From there it has been covered/exhalted/ruined (depending on your bias) by Coil, Inspiral Carpets, My Ruin, Marilyn Manson, The Pussycat Dolls, Rihanna, Danny Noriega, and Imelda May.

© Tym Stevens

See Also:
-The Real History of Rock and Soul!: A Music Player Checklist

Tuesday, July 7, 2009

ROCK Sex: "White Lines" - Liquid Liquid > Grandmaster Melle Mel

ROCK Sex says, "Who needs to think when your feet just go?"


Here's an example of the osmosis of that explosive early '80s New York scene.

LIQUID LIQUID -"Cavern" (1983)

And then in response...

GRANDMASTER MELLE MEL -"White Lines (Don't Do It)" (1983)

© Tym Stevens

See Also:
-The Real History of Rock and Soul!: A Music Player Checklist

Life and Death on the New York Dance Floor, 1980–1983, by Tim Lawrence

Monday, July 6, 2009

ROCK Sex: "Too Many Creeps" - Bush Tetras > Romeo Void > Sonic Youth

ROCK Sex would 'be warm in your coat'.

Here's another relay race...


Many bands from the early '80s New York scene had varied takes on using funky rhythms with punky guitar, such as Talking Heads, James White And The Contortions, Defunkt, The Bloods, ESG, Liquid Liquid, Material, and Lizzy Mercier Descloux.

BUSH TETRAS kicked out the jams with this rebuke on urban living, propelled by the jarring jang of the deeply undersung guitarist Pat Place and bounding pound of bassist Laura Kennedy:

BUSH TETRAS -"Too Many Creeps" (1980)

Pat's guitar style had a strong impact on San Francisco band ROMEO VOID, who hit the big time with this poison pill, featuring the barbed lyrics of singer Debora Iyall:

ROMEO VOID -"Never Say Never" (1981)

Kim Gordon of Sonic Youth was responding to the misogynistic imagery in LL Cool J's "Walk Like a Panther" video with this next classic (featuring a raised fist of support from guest Chuck D of Public Enemy). But SY got their start in that same CBGB's scene of New York, and the "I don't wanna's" and rhythmic dissonance in this song really recall the Bush Tetras' song:

SONIC YOUTH -"Kool Thing" (1990)

© Tym Stevens

See Also:
-The Real History of Rock and Soul!: A Music Player Checklist

Life and Death on the New York Dance Floor, 1980–1983, by Tim Lawrence

Sunday, July 5, 2009

ROCK Sex: "Hawaii 5-O" - The Ventures > Radio Birdman

ROCK Sex encourages you to get wet.


The Ventures, mighty centurians of the guitarstrumental, did the classic theme song for the original version of the long-running series, Hawaii Five-O (1968-1980):

THE VENTURES -"Hawaii 5-O" (1968)

Radio Birdman, the Australian missing link between The Stooges and The Ramones, surfed their tsunami response through clubs for four years before it was finally recorded:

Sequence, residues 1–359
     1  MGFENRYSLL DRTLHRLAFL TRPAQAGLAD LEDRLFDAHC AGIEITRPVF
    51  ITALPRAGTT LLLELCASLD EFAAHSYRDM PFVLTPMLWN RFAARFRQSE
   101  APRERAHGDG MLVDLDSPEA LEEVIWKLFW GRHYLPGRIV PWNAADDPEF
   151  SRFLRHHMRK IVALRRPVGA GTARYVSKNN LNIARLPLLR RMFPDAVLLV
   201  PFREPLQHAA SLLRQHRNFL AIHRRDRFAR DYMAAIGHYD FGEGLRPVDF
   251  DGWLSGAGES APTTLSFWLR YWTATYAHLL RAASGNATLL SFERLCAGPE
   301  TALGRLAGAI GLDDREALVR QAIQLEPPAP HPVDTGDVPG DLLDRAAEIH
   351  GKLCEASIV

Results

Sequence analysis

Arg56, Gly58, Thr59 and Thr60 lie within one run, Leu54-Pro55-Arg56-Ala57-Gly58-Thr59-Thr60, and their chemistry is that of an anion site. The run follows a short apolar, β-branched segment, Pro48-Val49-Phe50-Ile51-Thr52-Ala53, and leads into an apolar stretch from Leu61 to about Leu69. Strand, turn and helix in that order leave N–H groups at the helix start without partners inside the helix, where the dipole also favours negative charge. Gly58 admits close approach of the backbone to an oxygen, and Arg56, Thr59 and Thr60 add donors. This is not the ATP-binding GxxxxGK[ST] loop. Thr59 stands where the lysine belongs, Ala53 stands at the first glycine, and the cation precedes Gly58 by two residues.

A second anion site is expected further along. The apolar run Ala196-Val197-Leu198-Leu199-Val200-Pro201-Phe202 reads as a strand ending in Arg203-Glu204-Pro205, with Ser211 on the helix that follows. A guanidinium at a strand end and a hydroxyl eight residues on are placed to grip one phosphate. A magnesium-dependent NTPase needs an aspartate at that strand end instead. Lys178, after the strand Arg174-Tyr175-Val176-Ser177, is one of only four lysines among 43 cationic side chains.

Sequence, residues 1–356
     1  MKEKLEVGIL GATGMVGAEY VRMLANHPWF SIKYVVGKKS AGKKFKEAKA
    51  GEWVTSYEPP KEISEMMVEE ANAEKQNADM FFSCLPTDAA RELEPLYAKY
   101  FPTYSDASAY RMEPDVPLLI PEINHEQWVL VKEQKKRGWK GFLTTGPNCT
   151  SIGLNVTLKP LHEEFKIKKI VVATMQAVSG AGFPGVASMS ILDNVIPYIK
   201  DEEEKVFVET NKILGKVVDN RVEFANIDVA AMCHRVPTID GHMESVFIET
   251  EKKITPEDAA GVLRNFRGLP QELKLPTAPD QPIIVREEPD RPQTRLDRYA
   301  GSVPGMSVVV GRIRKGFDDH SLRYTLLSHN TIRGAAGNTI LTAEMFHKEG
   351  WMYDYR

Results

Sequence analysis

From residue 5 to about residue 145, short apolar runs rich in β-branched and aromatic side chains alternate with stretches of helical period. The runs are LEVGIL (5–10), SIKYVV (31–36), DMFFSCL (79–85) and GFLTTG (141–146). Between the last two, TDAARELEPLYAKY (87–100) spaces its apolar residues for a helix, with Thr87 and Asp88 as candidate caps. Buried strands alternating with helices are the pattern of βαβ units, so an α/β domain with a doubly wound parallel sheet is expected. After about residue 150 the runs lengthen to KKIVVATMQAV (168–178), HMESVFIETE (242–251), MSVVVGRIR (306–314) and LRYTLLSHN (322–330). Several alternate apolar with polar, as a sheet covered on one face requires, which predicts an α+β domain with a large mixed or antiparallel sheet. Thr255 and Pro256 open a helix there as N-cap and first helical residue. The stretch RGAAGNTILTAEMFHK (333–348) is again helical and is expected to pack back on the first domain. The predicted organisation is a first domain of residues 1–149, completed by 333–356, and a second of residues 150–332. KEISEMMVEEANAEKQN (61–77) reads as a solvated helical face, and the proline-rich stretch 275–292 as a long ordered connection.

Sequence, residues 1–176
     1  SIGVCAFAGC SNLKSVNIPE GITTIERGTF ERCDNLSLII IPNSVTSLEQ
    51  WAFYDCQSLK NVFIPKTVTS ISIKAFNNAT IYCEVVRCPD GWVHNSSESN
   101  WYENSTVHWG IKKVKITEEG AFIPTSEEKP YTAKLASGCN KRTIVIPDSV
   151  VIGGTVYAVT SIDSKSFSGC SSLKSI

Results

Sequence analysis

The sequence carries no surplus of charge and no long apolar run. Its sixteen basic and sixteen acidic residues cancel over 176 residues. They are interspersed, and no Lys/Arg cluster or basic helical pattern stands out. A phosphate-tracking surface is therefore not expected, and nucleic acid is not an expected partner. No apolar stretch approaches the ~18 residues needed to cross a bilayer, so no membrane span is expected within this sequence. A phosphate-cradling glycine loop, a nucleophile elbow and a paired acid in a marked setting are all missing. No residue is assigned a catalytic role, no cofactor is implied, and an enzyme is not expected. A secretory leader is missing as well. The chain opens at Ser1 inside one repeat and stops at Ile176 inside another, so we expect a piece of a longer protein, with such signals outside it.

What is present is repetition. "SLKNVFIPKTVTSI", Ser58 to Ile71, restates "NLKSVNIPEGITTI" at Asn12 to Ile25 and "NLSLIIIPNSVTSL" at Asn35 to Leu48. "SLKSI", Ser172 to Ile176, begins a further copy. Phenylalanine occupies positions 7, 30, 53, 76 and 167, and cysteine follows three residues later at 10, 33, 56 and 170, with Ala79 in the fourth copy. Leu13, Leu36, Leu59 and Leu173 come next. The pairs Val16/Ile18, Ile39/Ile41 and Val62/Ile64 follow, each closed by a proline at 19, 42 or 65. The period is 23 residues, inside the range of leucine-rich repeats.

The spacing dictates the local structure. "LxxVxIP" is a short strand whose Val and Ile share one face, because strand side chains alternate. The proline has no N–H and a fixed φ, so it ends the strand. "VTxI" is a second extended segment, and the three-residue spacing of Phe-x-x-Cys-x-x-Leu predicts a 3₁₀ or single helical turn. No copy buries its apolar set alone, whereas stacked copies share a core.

RADIO BIRDMAN -"Aloha, Steve And Danno" (1978)

© Tym Stevens

See Also:
-The Real History of Rock and Soul!: A Music Player Checklist

-Shock Waves: How SURF MUSIC Saved Rock'n'Roll!, with 2 Music Players

Friday, July 3, 2009

ROCK Sex: "Ziggy Stardust" - David Bowie > Bauhaus

Another ROCK Sex quickie "jamming good with Weird and Gilly".


DAVID BOWIE -"Ziggy Stardust" (1972)

BAUHAUS -"Ziggy Stardust" (1982)

© Tym Stevens

See Also:
-The Real History of Rock and Soul!: A Music Player Checklist

ROCK Sex: "Brand New Cadillac" - Vince Taylor > The Clash > Ziggy Stardust

ROCK Sex puts the rubber to the road.


UK Rockabilly rebel Vince Taylor should have been his country's Elvis. Instead he ended up having two powerful impacts on the future.

Firstly he recorded this slamming classic:

VINCE TAYLOR & THE PLAYBOYS -"Brand New Cadillac" (1958)

This was propelled to international status with The Clash's stellar cover on the crucial London Calling album:

THE CLASH -"Brand New Cadillac" (1979)

This led to other great versions in the chain by Brian Setzer, The Kelpies, Os Catalepticos, and Joe Strummer himself.

Taylor was a volatile personality whose charisma onstage was matched by self-destructiveness backstage.

He was poised for another surge of fame in the mid-'60s, including opening for The Rolling Stones, when these both combined for the worst. Binging on acid, speed, and drink, he proclaimed himself a prophet onstage and sermonized the audience about UFOs and Jesus in white robes before abruptly tearing up the stage.